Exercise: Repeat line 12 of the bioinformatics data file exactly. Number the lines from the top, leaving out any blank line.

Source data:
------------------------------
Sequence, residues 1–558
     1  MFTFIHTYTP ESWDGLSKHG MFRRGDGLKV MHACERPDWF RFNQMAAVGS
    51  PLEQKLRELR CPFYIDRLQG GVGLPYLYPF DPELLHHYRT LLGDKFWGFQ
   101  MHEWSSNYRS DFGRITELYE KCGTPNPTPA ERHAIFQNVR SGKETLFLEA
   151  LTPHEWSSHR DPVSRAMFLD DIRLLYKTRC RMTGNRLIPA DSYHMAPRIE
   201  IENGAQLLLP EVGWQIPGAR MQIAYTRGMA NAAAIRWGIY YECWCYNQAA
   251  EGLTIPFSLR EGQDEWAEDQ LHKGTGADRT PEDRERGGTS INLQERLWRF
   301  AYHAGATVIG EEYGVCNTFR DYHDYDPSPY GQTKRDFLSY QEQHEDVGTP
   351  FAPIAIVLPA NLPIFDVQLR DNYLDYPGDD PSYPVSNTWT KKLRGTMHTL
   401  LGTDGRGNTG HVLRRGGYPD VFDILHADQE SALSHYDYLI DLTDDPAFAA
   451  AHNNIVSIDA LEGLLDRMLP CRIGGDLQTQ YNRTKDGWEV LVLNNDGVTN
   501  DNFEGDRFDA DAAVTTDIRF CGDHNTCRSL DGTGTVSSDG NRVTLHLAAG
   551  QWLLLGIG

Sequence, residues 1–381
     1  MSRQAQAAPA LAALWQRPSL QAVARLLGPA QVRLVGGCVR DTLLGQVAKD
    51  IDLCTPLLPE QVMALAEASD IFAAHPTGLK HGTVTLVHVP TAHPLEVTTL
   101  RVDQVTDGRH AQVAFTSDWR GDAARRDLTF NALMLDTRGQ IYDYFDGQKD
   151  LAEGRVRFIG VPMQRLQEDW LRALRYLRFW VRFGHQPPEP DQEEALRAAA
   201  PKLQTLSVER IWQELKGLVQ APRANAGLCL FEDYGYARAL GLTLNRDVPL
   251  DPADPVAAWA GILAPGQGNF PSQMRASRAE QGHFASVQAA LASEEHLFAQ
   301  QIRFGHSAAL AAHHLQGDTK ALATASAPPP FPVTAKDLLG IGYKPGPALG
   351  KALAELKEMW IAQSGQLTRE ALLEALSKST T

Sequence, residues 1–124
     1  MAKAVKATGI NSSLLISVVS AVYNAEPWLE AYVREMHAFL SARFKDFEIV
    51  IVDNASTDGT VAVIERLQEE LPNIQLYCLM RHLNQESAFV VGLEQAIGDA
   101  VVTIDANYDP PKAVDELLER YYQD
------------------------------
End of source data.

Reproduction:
   501  DNFEGDRFDA DAAVTTDIRF CGDHNTCRSL DGTGTVSSDG NRVTLHLAAG